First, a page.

BESE starts hearing on future of academic standards
Louisiana’s top School Board on Tuesday voted 6-3 to hire special legal counsel in its bid to implement Common Core tests that Gov. Bobby Jindal opposes.
But the state Board of Elementary and Secondary Education stopped short of authorizing any legal action for now, in part because some panel members said they do not want to sue the governor.
In addition, BESE voted without objection to order talks between state Superintendent of Education John White and Jindal’s office in a bid to resolve the dispute.
White is then supposed to provide an update on any progress in the standoff by July 18.
The hiring of any special counsel would have to be approved by state Attorney General Buddy Caldwell’s office.
BESE President Chas Roemer said two law firms — one each in Baton Rouge and New Orleans — have offered to do the work without charge.
Roemer said the board, which sets policies for about 700,000 students statewide, needs clarity on whether it can proceed with test plans that go with Common Core, which is supposed to be in classrooms for the 2014-15 school year. “For us to seek legal remedies, we need legal counsel,” he said.
“Look, I’m not excited about this,” said Roemer, a former ally of Jindal.
Allies of the governor argued that it made no sense to order negotiations between educators and Jindal’s office while also threatening legal action.
“Everything does not have to be settled in a court of law,” said BESE member Jane Smith, a Jindal appointee and the leader of efforts to curb any legal action.
One thing that is clear: What and whether standardized tests will be given for the upcoming school year is unknown.
All the arguments took place in an auditorium crowded with Common Core backers and opponents who have been testifying on the issue for months.
As the nearly six-hour meeting went on, audience members yelled comments frequently, and both sides loudly applauded when spokesmen for their sides made points.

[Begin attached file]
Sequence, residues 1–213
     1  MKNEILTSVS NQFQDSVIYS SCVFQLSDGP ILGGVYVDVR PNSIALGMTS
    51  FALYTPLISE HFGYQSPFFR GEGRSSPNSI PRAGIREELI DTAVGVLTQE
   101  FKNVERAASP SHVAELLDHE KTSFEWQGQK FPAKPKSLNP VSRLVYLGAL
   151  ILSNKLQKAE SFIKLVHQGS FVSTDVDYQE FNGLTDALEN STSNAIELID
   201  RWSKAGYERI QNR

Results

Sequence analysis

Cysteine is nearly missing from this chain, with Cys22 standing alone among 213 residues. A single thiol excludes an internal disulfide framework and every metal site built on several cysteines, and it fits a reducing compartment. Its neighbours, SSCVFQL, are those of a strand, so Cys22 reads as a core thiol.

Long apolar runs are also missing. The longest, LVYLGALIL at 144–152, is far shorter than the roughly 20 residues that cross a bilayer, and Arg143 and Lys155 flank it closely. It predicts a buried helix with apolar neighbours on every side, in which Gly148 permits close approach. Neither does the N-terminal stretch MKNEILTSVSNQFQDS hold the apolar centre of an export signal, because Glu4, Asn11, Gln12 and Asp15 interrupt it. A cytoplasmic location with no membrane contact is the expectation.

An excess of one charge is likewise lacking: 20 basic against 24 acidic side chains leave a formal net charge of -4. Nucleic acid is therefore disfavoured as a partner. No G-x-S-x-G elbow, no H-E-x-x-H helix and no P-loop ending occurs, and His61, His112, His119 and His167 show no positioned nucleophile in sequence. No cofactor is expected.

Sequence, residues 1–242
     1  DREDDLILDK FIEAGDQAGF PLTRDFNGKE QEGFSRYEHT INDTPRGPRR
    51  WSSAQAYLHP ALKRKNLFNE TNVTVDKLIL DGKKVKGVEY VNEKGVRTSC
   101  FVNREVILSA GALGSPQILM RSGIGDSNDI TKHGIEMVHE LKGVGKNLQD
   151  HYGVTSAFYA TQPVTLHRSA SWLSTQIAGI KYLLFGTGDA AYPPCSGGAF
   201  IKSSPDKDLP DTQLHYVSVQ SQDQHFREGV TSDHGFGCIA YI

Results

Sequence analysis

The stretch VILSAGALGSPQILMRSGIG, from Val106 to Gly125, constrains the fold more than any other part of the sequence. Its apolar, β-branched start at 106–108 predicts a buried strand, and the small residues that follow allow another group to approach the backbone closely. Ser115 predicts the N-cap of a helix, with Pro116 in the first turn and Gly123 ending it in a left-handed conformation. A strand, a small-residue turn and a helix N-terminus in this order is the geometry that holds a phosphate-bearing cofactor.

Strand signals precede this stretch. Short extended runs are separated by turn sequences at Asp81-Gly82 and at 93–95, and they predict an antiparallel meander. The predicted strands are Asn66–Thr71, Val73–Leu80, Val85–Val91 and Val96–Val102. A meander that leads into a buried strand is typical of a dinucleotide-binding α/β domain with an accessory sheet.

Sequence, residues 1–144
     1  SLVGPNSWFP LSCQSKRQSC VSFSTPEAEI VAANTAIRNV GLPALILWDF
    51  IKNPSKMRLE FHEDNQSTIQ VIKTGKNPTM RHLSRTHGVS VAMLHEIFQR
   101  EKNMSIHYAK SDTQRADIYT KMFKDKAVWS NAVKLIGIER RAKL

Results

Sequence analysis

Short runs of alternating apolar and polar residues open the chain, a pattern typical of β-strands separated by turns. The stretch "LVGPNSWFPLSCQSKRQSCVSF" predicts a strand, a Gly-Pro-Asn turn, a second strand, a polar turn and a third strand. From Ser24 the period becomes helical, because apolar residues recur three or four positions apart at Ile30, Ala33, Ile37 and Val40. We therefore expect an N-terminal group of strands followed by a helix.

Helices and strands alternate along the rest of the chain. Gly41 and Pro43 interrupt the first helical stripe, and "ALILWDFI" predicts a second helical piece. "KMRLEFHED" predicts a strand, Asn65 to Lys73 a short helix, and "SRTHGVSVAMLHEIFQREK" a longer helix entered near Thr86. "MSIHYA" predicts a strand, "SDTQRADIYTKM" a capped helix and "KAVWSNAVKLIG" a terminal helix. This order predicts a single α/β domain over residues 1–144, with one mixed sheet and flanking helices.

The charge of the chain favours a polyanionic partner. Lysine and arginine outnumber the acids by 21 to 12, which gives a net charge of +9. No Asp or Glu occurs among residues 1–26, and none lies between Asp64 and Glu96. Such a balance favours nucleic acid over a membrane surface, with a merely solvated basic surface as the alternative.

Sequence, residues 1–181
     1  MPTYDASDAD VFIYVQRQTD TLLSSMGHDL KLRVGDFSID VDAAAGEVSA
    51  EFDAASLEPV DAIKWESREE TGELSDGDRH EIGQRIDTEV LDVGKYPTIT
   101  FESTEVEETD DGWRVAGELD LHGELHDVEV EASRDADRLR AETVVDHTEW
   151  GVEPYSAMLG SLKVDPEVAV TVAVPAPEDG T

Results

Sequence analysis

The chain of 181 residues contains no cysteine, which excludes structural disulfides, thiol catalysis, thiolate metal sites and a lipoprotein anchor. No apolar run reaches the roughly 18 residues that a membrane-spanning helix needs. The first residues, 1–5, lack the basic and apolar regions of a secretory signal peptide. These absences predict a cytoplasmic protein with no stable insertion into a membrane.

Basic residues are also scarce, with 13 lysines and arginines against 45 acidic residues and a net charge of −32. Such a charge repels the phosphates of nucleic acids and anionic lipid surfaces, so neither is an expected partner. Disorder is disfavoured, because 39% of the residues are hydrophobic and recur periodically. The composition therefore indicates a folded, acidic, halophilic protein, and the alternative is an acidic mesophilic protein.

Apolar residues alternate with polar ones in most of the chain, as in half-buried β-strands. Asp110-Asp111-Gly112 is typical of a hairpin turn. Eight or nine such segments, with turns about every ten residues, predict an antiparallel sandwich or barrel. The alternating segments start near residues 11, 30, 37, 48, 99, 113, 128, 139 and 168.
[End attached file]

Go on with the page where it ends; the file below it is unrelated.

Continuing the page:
Also, Roemer and top Jindal aide Stafford Palmieri engaged in lengthy, biting verbal exchanges, and BESE members variously criticized White and each other.
The latest battle over Common Core stems from a series of steps that Jindal announced June 18, which are aimed at shelving BESE-backed test plans that go with the standards.
Jindal said BESE and the White-led state Department of Education failed to follow state procurement laws in moving to require tests prepared by a consortium called the Partnership for Assessment of Readiness for College and Careers.
The governor’s lieutenants the same day ordered the suspension of a state contract that White said he planned to use to push ahead with exam plans.
White on Tuesday said the dispute boils down to whether state purchasing officials or educators will drive Louisiana’s academic policies.
“Is it those that write the contract or those that regulate the education system,” he said.
“Regarding the governor’s executive orders, we need clarity on how to proceed,” White said. “When you don’t have clarity on who is in the driver’s seat you have no plan at all.”
The resolution on the hiring of special legal counsel initially would have paved the way for legal action.
White mentioned the possibility of seeking a declaratory judgement on whether the Jindal administration can put the brakes on a testing contract that education officials think they can use for Common Core tests.
However, even longtime Common Core backers were clearly uneasy with authorizing court action.
Connie Bradford, who lives in Ruston and is one of three Jindal appointees to BESE, said she did not want to sue the governor.
In a rare appearance before BESE, Commissioner of Administration Kristy Nichols, whose division has suspended approval of the key test contract in dispute, said state officials never approved amendments that made clear they would be used for Common Core during the 2014-15 school year.
Nichols said the issue should have been aired in the winter of 2013.
“Today’s action boils down to one simple thing: BESE voted to hire outside counsel to determine if the Department of Education should follow state procurement law,” Nichols said in a prepared statement.
“We think the law should be followed,” according to the statement.
In an interview after the meeting, White’s called BESE’s actions prudent.
He said while it is difficult to see how talks will produce a breakthrough “I always think it is worth continuing the communication.”
Roemer said the law firms that have offered to represent BESE without charge are Preis Gordon APLC, in Baton Rouge, and Barrasso Usdin Kupperman Freeman & Sarver LLC, in New Orleans.
Voting to hire special legal counsel were Chas Roemer, Holly Boffy, Connie Bradford, Jim Garvey, Judy Miranti and Kira Orange Jones.
Voting against the motion were Jane Smith, Lottie Beebe and Carolyn Hill.
BESE members Walter Lee and Jay Guillot missed the meeting.
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